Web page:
"Alcoholism is believed to run in families... Alcoholism is believed to run in families, according to a publication by the National Institute on Alcohol Abuse and Alcoholism (NIAAA). If you are keen to know how to help an alcoholic sister, it will take courage and commitment from you to assist her in acknowledging and addressing her addiction. Family intervention is often the turning point for many alcoholics and while it may be hard work sometimes, the end result will be rewarding for you both.
Educate Yourself on Alcoholism
Before you approach your sister about her drink problem, you will want to be well educated on what alcoholism is, as well as learn more about the various treatment options. Not only will this give you a deeper understanding of your sister's addiction, it will help you support her in the best way possible. As well as answering her questions, you will also have an idea of what treatment is involved, so you can reassure her that seeking professional help is in her best interests.
Opening up the lines of communication between you and your sister is important and will enable you to honestly address the fact she has a drinking problem. You may face resistance from her at first, as alcoholics are often in denial about just how bad their addiction is. She may believe she controls her drinking, rather than the other way round. It is also important you approach her before discussing the issue with any other members of the family. If she thinks you have been telling people your sister is an alcoholic, she may well lose confidence in you and that is important if you want to foster truth between the two of you.
Offer Your Support
Make it clear you are willing to be supportive in any way she needs. If she needs help with her family or in other areas of her life, ensure you are there for her. Avoid offering financial assistance, as she may be tempted to spend the money on alcohol. Instead, offer to look after any children she may have while she visits her doctor. You could also pledge your support by offering to attend support groups with her. Your concern and love are important, as many alcoholics are worried about seeking treatment through fear of how their families will react, says a NIAAA website article. You can also help your sister research treatment and rehabilitation options, as well as just letting her know you will be there for her throughout her treatment and recovery.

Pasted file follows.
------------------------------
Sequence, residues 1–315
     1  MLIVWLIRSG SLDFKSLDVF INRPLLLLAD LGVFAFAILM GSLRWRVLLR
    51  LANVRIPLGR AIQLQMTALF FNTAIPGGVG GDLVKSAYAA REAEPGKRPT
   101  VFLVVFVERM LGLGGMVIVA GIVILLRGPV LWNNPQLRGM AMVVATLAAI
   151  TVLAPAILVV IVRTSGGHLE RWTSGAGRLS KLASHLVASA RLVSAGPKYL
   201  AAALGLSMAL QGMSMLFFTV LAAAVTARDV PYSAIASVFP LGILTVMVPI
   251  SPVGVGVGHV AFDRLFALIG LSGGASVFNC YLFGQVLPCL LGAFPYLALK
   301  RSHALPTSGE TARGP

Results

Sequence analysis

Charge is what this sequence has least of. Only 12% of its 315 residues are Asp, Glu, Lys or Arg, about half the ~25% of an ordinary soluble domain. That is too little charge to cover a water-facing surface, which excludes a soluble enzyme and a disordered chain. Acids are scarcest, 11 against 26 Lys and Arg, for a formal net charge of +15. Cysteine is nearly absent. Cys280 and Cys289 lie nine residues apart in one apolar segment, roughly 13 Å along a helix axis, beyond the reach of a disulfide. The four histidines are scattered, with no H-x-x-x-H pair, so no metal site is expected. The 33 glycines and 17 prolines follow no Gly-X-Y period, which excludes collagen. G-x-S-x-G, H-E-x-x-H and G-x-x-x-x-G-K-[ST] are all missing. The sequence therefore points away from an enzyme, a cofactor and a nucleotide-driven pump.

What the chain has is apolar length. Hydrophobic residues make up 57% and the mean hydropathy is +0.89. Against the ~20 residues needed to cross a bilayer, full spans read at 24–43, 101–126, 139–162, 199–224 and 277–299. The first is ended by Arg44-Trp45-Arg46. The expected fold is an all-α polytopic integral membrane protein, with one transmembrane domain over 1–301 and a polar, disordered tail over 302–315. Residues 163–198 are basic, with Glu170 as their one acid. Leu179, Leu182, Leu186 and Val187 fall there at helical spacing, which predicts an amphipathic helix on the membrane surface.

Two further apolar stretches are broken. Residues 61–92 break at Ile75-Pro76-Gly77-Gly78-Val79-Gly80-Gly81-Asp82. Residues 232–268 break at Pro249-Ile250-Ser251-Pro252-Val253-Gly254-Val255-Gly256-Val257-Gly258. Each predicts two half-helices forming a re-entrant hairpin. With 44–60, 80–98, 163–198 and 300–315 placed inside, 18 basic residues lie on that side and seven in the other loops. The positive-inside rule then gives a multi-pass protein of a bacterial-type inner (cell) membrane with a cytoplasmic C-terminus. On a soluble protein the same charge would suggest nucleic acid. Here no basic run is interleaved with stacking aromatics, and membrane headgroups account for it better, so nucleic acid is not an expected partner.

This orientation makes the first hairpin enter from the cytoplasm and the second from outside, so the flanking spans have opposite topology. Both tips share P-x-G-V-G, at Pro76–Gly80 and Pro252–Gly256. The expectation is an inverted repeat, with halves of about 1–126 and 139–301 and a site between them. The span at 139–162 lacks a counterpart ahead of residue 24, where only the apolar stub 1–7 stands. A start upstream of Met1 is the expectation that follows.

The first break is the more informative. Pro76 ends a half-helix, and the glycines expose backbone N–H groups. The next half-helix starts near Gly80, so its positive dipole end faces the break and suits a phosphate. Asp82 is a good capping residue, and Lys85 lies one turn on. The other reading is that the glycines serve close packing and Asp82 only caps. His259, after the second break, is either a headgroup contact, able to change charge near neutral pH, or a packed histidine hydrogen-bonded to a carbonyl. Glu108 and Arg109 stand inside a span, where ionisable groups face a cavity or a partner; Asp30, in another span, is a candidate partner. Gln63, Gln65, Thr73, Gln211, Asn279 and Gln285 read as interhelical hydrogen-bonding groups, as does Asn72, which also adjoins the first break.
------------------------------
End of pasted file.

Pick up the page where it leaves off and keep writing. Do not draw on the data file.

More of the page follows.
Prepare for Possible Setbacks
Your sister's treatment will be a testing time for her, you and the rest of her family. It is not unusual for an alcoholic to relapse during the first 12 months of recovery; therefore, it is important you learn how to handle these setbacks. It is completely normal to feel frustrated with your sister, especially if it appears she is not taking her treatment seriously. It is essential you do not argue with her about her alcoholism or try to make her feel guilty about it. Unfortunately, you can only be there for her in a supportive role, the actual treatment is down to her. As frustrating as it may get, it is important you learn to resolve conflict without bringing her alcohol addiction or treatment in to it.
Get Support for Yourself
According to the NIAAA, one person's alcohol addiction can affect up to four family members. Therefore, it is important you and other family members seek support for yourselves. Groups such as AlaTeen and Al-Anon both run support groups designed specifically for relatives of alcoholics. Having the courage to tell a group "my sister drinks too much" is the first step in coming to terms with your sister's illness. You will also be able to help other people looking for information on how to help an alcoholic sister.